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Lecture 3.

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  1. Lecture 3. Explaining Sexual Violence

  2. Overview • Not all feminists agree on causes. • Different explanations according to context. • Explanations appropriate to West may not work in non-western countries and vice versa. • There may be economic, ideological, political, psychosocial and socio-cultural reasons for these atrocities. • Horrific levels of sexual violence in some countries where there is armed conflict. • Different explanation for abuse of women, men and children. • No universalisable explanations but maybe some commonalities. • Explaining sexual violence a major focus of feminist work in 70s and early 80s. • Brownmiller (1976) Griffin (1979) Russell (1980, 1984, 1986), but has received less attention more recently.

  3. Diana Russell. A Four factor Model. • Diana Russell activist and authority on Sexual Violence on sexual violence. • A four factor model of causation. • Identifies four preconditions to rape or other forms of sexual violence.

  4. Preconditions • Various factors produce a predisposition or desire to rape- biological, psychological or sociological. • Factors reduce internal inhibitions against acting out this desire cultural myths, beliefs or attitudes eg women enjoy rape; misogyny, depersonalising, inferiorising; dehumanising, objectifying the victim; • Factors reduce social inhibitions against acting out this desire • Fear of incarceration or punishment; fear of social sanctions; fear of the impact on family and friends think. • Factors relating to the victim’s ability to protect themselves or to avoid or resist sexual violence- includes perceptions that ‘anything goes within marriage’; that the victim is somehow responsible for their own rape; that submission is ‘best’ for the victim. There may be overlap between these factors. Models are ‘ideal types’ in reality there is much blurring between causes. Also difficult to separate out structure and action. No mono-causal explanation.

  5. Finkelhor (1984) Four Factor model of Child sexual Abuse. Finkelhor- a number of risk factors which may increase the likelihood of sexual offending. • Overcoming internal inhibitions or external impediments to offending. Including: maternal illness or absence (providing greater opportunity for father-daughter incest); Overcrowding and lack of privacy which may lead to less inhibitions. • Unemployment and family stress; or emotional deprivation in the child who may then be more open to accepting inappropriate 'affection' from an adult. • Adults suffering from sexual role confusion, sexual frustration, and/or the need to dominate a child as a means of self-assurance/power. • Use of alcohol or drugs in order to overcome inhibitions towards sexual offending.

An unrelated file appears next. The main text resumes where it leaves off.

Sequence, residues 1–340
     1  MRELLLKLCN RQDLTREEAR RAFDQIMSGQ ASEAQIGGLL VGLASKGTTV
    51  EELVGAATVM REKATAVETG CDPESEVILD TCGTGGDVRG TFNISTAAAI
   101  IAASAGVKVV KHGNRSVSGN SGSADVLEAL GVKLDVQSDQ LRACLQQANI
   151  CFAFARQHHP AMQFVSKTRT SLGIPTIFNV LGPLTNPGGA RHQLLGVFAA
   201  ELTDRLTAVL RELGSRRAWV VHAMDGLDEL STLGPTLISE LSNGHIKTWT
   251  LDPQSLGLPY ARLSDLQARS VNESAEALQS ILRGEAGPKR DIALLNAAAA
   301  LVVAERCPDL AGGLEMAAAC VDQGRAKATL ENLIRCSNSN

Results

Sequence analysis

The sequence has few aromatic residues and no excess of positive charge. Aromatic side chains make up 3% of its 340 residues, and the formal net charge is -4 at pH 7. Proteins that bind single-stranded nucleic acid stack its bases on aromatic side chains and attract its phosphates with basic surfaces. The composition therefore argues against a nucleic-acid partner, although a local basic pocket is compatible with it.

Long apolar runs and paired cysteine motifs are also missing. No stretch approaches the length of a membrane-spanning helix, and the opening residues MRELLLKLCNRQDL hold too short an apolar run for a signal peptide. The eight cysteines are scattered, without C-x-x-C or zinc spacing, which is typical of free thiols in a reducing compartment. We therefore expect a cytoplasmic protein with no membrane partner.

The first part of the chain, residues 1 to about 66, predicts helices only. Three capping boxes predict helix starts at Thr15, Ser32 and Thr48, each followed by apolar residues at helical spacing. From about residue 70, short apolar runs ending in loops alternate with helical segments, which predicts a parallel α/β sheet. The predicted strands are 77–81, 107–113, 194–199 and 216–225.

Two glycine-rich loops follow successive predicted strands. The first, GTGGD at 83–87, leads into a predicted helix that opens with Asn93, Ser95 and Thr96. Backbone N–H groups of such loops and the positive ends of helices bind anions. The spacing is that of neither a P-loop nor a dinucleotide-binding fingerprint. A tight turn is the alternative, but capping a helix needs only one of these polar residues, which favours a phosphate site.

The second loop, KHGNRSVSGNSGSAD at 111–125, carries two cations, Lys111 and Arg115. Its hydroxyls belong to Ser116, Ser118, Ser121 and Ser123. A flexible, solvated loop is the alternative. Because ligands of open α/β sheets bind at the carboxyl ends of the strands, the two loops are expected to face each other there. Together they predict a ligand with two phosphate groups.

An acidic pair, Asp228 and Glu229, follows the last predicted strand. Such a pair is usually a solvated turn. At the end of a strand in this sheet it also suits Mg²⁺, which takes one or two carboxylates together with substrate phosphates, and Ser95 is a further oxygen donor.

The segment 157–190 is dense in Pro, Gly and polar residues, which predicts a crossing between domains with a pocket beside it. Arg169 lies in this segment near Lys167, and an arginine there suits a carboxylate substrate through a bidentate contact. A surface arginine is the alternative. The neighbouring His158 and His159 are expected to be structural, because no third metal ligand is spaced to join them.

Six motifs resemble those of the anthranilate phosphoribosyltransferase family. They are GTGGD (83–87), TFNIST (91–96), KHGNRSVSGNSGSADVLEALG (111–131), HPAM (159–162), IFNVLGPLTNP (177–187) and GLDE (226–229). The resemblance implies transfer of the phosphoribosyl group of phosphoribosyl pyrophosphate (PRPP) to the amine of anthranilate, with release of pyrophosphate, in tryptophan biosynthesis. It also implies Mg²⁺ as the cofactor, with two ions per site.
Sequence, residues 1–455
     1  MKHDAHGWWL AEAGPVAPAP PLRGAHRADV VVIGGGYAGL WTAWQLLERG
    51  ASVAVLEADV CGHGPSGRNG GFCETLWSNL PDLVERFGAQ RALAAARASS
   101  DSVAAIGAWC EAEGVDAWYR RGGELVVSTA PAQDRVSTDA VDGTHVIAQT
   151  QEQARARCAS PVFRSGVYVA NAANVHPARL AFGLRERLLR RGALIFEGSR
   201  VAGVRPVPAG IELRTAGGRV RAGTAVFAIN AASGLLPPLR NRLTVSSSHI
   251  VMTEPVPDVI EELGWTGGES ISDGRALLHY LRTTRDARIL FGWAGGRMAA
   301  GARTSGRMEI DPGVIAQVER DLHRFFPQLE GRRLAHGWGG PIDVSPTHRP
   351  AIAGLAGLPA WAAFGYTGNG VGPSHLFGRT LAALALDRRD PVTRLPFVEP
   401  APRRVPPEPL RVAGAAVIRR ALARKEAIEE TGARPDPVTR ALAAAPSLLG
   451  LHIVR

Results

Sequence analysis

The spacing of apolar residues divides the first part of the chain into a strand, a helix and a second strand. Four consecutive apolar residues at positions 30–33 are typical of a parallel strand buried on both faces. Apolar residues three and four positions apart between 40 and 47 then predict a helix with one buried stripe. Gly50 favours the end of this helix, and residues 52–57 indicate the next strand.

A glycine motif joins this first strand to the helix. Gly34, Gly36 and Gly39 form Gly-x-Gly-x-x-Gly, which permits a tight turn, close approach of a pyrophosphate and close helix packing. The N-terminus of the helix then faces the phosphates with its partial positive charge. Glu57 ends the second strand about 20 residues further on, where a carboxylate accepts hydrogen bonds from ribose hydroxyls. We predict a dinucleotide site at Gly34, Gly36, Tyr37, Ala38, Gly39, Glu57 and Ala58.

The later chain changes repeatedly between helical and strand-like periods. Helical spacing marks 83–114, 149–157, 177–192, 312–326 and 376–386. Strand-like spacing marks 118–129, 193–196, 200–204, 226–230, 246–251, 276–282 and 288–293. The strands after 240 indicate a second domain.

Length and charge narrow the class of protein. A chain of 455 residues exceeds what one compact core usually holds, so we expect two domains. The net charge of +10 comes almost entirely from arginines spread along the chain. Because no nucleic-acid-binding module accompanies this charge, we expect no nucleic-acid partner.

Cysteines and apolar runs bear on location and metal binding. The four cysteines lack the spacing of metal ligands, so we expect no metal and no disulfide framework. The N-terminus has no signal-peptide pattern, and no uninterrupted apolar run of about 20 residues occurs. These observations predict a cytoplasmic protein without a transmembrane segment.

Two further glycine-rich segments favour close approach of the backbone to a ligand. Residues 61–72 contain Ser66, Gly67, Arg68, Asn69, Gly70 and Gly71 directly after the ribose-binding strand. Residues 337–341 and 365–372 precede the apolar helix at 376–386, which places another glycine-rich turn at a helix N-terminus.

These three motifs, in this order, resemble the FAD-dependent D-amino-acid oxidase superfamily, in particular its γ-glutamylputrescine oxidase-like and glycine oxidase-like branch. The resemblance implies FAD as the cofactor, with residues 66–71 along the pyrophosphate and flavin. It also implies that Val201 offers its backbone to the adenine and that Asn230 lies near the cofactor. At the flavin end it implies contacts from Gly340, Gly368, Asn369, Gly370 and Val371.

6. Finkelhor (1984) • Paucity of hard evidence to support Finkelhor's model (Oates 1990). • Oates believes that this can be used as an indication that child sexual abuse is a complicated phenomenon, with no simple solutions. • Goddard and Carew (1993) ‘Finkelhor's model indicated more about how sexual abuse occurs rather than why it occurs’. • Need to categorise and separate the various types of sexually abusive behaviour. • Different causal factors may operate for each 'type' of abuse.

  7. Biological Explanations for sexual violence. • Biological predisposition (Russell 1984)- problem if we accept this notion as it raises questions about moral agency. • Brownmiller (1975), genital differences make male of women rape possible. • Russell – rape also linked to men’s greater physical strength.

  8. Problems with biological models • Biological determinism- ignores issue of the way that rape is socially construced. • Raises question of what we count as rape. • If we accept this model do we assume all men are potential rapists. • Sue Lees (1997) notes that notions that men are naturally aggressive with uncontrollable sexual urges alows men to get ‘off the hook’ in court. • Men seen as being unable to control his animal sexuality once aroused. Responsibility falls to the woman to prevent her own rape. • Women should avoid arousing men if they do not intend to have sex with them. • Problematic in case of wife rape- women seen as denying men their marital rights, rape results because man has urges that need satisifying.

  9. Psychological and psychosocial explanations: • Psychosocial explanations stress that aggression and violence are learned behaviours in response to frustration, to achieve goals, and by observation of violent behaviour (Boyd, 1988; Reiss and Roth 1993). • They point to personality factors, psychopathology, cognitive learning skills, socialization, early child development, and to broader social and cultural factors such as poverty, and the role of predisposing factors, situational factors and activating factors.

  10. Cycle of abuse model. • Those who have experienced abuse will be more likely to become abusers. • Problems with this model • Victim becomes victimised. • Poor research skews findings • Underreporting of some kinds of attacks. Difficult to generalise from reported attacks. • Many women suffer abuse but they do not become abusers • Many who are abused contribute to victim support, sexual violence research.

  11. Lisak and Roth 1990 • Lisak and Roth 1990 suggest that an absent or aggressive mother or father can link to male offending • this model ignores other variables.